Yesterday a reader who periodically writes comments pointing out faults with the Volt and GM, and who points out how Toyota is doing better had more to say along those lines.
One of the reasons criticism persists – not the only reason – is because there are gaps in GM’s armor, or pick your metaphor.
The Volt is an awesome car. There’s little question about that, but I rebutted some criticism.
As we know GM has a new chance lined up for Gen 2. It will have learned lessons we hope from the Gen 1 period from Dec. 2010 to now.
Here’s the point I batted down. It was late, I was tired, so forgive me if I missed anything.
Critique: The problem is that GM built a car that did not appeal beyond EV Zealots. And the low sales reflect this. The EV Zealots seem to think the problem is with the public. Well, the public is what it is. To get the car to sell, it will have to have wider appeal.
My off-the-cuff reply:
A full analysis is open to debate, but I do not think it’s as simple as GM’s product having narrow appeal.
GM’s marketing or lack thereof plays into it.
Also the Volt was the victim of early on severe public bashing by no less that the presidential candidate, screed artists, writers of false hit pieces.
And GM was coming from dark days of public distrust, and bankruptcy, and a low point of trust for the company.
And let’s not forget the NHTSA fire safety fiasco where they crashed a Volt, then left it parked with power in the battery to see what would happen after they’d ruptured it and allowed a coolant leak to short circuit.
And the Volt is all new, the only “EREV” on the road (besides now ELR) and there are people on principle who won’t buy the first of anything.
And early on the Volt was priced from $40k, and dealers gouged over that … now it’s $35k.
And the fed tax credit did not apply to everyone. A point of sale rebate for anyone would have been more equitable.
And the public does not understand the car. Is this the fault of EV zealots as you call them? Or is this because GM focuses on Calif and gave up on other markets?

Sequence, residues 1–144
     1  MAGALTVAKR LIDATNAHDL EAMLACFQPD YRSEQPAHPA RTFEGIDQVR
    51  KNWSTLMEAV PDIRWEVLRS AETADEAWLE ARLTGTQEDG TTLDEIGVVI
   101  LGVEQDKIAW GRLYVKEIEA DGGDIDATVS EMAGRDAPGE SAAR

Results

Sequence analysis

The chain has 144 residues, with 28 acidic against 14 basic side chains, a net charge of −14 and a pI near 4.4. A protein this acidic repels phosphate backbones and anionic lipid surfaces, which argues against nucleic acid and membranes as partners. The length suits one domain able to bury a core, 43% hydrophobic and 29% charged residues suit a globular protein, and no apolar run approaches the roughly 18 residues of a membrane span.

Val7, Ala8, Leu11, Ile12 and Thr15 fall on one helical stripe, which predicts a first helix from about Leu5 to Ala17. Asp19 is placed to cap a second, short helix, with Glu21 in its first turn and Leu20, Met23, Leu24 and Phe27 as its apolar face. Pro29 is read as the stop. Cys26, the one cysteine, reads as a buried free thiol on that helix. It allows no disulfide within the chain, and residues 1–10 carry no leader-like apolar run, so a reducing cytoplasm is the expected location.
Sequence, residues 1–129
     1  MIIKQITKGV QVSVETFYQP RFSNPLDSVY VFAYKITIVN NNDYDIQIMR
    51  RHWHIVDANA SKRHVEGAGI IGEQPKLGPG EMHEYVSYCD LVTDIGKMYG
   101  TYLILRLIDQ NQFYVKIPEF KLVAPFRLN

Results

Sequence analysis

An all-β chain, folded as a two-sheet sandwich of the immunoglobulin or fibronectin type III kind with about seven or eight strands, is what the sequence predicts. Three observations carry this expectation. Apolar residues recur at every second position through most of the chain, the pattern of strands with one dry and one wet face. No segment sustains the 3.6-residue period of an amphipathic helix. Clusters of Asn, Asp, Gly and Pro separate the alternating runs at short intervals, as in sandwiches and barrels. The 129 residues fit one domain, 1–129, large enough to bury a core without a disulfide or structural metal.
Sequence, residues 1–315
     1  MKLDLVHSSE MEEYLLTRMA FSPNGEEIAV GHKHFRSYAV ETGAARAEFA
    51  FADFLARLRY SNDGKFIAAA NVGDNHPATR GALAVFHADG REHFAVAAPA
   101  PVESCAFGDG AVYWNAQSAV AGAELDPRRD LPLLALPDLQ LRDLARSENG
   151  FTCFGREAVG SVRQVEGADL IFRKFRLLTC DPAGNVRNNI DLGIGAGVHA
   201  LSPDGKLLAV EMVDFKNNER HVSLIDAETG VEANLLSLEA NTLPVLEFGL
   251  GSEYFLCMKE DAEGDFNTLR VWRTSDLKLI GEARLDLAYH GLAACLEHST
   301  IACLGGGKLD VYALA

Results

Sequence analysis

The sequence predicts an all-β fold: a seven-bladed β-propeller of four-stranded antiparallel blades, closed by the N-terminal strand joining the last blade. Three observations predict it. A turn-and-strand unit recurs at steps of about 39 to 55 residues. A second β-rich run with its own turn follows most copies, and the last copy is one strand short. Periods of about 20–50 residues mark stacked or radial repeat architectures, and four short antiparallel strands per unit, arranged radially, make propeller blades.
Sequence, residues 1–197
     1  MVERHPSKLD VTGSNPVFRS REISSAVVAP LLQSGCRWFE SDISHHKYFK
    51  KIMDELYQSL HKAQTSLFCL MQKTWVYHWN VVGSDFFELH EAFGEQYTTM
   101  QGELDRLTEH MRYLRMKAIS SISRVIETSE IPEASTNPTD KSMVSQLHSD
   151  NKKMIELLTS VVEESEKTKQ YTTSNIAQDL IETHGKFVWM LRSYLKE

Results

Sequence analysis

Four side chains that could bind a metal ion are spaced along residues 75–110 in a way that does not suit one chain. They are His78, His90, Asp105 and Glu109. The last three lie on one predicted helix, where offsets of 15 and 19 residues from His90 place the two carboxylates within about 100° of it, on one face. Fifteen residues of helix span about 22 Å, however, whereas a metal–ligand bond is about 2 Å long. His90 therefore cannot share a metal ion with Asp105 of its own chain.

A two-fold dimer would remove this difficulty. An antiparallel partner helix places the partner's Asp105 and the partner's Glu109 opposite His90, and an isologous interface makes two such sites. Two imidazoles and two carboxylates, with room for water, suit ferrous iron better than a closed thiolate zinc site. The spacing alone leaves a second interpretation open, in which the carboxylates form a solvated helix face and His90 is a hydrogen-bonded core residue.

Today almost 4 yrs into it many people do not know the car has a gas generator. They don’t know the difference between it and a Leaf, or Prius or other PHEVs for that matter.
It was all new. Tripped out of the starting gate.
I believe these are pretty verifiable facts; well documented, and each has been covered over the years.
And I am probably leaving out other reasons.
I won’t have time to engage in a debate on this though …
All I am saying is there are a multitude of factors that added up to bad synergy.
The new Volt’s powertrain looks very hopeful. I am really hoping this car will be as good as GM implicitly puts forth. I think they know better than to over promise and under deliver after all the hard lessons.
So again, here’s hoping.
As Jackson pointed out Gen 1 has done well enough to prompt GM to build Gen 2.
And this is true. It’s sold around 70,000 and is the top-selling U.S. plug-in, second-best globally behind the Leaf.
Cynically, or practically, you decide, also true is GM is committed to electrification because of CAFE and CARB, and it has already put all those Volts on the road.
Remember who killed electric car? It can’t do that again. It’s onward and upward.
But giving benefit of the doubt, I believe GM is committed despite the fact the Spark EV is a compliance car, Volt is marketed narrowly, and no Voltec spinoffs have come forth.
So now, with four years’ hindsight, what could GM have done differently? What should it do now?
You can make up a fantasy wish list, but better yet, speak to the corporation thinking for a global market with limitations and possibilities, not just what you want.
It’s not about you. It’s about GM and electrification of the automobile.
And of course this is not to bash GM. We have other helpful readers who like to do that. What can be said to GM to help launch the Gen 2 Volt and beyond?
I almost did not write this article because much will depend on the product – how good Gen 2 really is.
But it’s probably safe to say it’s better. And it’s a fresh start. Just the fact that it’s all new is a plus.
So what needs to happen? How should GM market this new car? People still don’t get it and gas is cheaper than bottled water these days, or almost.
Will GM price it right, or keep it for higher income earners?
Does GM really want to leapfrog the Toyota Prius in the sales arena?
What would you say to GM on this subject?
This week CEO Mary Barra spoke of well reasoning customers who are “thoughtfully” urging GM to step up, and she said GM wants to win, or else “why are we here?”
OK, good question. What will it take for GM to win in the electrification of the automobile, starting with Gen 2 Volt?